Young, Gifted and Crusty
Paul Thomas Anderson's Licorice Pizza is a film seeking to evoke that warm nostalgic glow you get when thinking back on the crazy things you did when you were young and a bit over-excitable. It's part of a long and honourable tradition of such movies and TV shows, going back to things like The Wonder Years and American Graffiti. Licorice Pizza itself sounds like a bit of a fridge title unless you are particularly well-versed in Californian pop culture from the early 1970s – apparently it was the name of a chain of record shops, ‘licorice pizza' being the nickname of a vinyl recording. If that sounds like a rather niche and in-jokey title, that's perhaps not an entirely unfair conclusion, but the film itself is likeable, crowd-pleasing stuff, directed by Anderson with his usual deftness.
I think it is necessary to stress that the film isn't as self-indulgent as it may come across as in a summary. Alana Haim plays Alana Kane, a woman in her mid-twenties trying to settle on a direction for her life, who is working as a photographer's assistant in California as the film opens. An assignment taking high school yearbook pictures leads to her meeting Gary Valentine (Cooper Hoffman), a supremely confident and energetic fifteen-year-old – in addition to being a successful child actor, Gary is also very active as an entrepreneur. Not one to pay much attention to the reality of an age gap, Gary asks Alana out to dinner. She nearly laughs in his face, but ends up going along anyway for some reason. An unlikely friendship forms, but Alana is very clear that there is no prospect of anything romantic developing between them…
Nevertheless, their friendship deepens: she chaperones him on a publicity trip to New York, and then finds herself involved in Gary's latest money-making scheme: a company selling waterbeds. He even encourages her to pursue an acting career of her own. Some of these inevitably lead to moments of tension and downturns in their relationship, but it seems that there is always something drawing them back together…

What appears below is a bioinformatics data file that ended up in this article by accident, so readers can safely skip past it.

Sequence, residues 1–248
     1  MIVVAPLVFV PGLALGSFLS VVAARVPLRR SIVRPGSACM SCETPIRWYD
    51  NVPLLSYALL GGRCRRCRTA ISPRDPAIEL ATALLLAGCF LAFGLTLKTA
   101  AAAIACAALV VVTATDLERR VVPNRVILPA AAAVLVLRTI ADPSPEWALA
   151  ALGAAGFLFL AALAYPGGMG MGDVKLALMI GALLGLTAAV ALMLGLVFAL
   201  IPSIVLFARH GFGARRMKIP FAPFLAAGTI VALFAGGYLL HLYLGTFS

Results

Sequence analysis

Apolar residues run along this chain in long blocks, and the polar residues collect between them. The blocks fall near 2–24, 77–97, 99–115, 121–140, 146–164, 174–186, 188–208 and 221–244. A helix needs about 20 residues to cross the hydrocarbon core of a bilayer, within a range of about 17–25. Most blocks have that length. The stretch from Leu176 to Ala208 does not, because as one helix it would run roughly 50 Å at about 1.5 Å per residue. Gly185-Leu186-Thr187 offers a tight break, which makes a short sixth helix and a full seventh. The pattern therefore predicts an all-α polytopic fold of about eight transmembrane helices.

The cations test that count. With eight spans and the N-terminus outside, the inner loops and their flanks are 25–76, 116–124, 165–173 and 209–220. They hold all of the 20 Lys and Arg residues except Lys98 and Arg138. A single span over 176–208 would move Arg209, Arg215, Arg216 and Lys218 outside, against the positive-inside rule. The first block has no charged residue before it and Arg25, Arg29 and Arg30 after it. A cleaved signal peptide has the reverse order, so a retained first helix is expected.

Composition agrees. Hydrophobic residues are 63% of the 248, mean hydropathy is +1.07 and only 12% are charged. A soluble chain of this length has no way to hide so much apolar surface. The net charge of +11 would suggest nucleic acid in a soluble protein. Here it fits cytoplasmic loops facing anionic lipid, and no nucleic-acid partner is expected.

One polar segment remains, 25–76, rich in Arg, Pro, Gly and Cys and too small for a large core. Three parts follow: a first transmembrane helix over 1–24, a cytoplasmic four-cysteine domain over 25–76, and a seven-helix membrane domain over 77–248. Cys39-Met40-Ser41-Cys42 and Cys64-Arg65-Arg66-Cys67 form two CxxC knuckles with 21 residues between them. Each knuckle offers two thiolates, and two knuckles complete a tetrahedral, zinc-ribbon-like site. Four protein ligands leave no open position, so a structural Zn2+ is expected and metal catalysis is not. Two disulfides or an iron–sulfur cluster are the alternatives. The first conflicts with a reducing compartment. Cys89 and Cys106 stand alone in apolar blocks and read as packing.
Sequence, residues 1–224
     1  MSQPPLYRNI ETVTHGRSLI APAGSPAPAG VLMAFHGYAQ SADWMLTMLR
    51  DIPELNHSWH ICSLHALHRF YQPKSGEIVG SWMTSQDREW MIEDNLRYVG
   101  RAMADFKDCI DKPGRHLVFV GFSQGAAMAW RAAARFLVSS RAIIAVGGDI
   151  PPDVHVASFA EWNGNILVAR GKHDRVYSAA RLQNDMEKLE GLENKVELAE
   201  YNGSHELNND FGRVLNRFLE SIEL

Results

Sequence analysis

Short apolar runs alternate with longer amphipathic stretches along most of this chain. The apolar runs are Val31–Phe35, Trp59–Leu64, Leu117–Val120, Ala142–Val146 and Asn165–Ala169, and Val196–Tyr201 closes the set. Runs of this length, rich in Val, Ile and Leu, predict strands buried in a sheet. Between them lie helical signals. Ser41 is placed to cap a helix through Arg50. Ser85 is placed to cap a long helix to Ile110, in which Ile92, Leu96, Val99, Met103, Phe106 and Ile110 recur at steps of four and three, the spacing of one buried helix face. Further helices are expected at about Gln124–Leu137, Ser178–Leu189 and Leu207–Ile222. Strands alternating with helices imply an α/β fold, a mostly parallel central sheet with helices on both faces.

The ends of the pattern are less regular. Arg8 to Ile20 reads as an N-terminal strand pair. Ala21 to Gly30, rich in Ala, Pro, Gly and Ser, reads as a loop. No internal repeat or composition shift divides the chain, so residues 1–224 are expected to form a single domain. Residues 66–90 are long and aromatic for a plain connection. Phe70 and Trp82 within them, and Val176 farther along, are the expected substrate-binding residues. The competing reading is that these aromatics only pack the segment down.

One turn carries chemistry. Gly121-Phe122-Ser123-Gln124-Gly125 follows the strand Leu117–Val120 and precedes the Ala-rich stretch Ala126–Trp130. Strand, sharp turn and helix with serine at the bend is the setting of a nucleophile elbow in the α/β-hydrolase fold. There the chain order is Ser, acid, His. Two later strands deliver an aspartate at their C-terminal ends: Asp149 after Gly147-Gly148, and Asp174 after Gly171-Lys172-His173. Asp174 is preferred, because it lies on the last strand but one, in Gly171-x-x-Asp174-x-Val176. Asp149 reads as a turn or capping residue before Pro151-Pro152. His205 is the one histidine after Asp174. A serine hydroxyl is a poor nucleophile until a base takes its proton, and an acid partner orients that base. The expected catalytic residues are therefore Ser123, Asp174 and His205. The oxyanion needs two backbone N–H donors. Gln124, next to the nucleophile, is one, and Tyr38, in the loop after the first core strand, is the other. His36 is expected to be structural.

Much of the charm of Licorice Pizza comes from the fact that this isn't just another straightforwardly nostalgic coming-of-age comedy-drama – the nature of the central relationship, not to mention the fact that one of the lead characters is a precocious teenage entrepreneur, marks it out as something much more offbeat and oddball. Perhaps the oddest thing about it is the fact much of it is apparently based on actual events – the film was apparently inspired by various stories told to Anderson by his friend (and Tom Hanks' long-time production partner) Gary Goetzman, who really was a child actor and waterbed salesman fifty years ago.
Nevertheless, the sheer weirdness of much of the story just adds to the infectious sense of fun and energy that permeates the movie. Perhaps this is in part a result of the fact that it is such a friends-and-family piece – Anderson's partner and children appear, he is a long-time friend of Alana Haim and her own family (the Haim clan naturally appear as Alana's relatives), making his acting debut as Gary is Cooper Hoffman, the son of Anderson's frequent collaborator Philip Seymour Hoffman, and so on.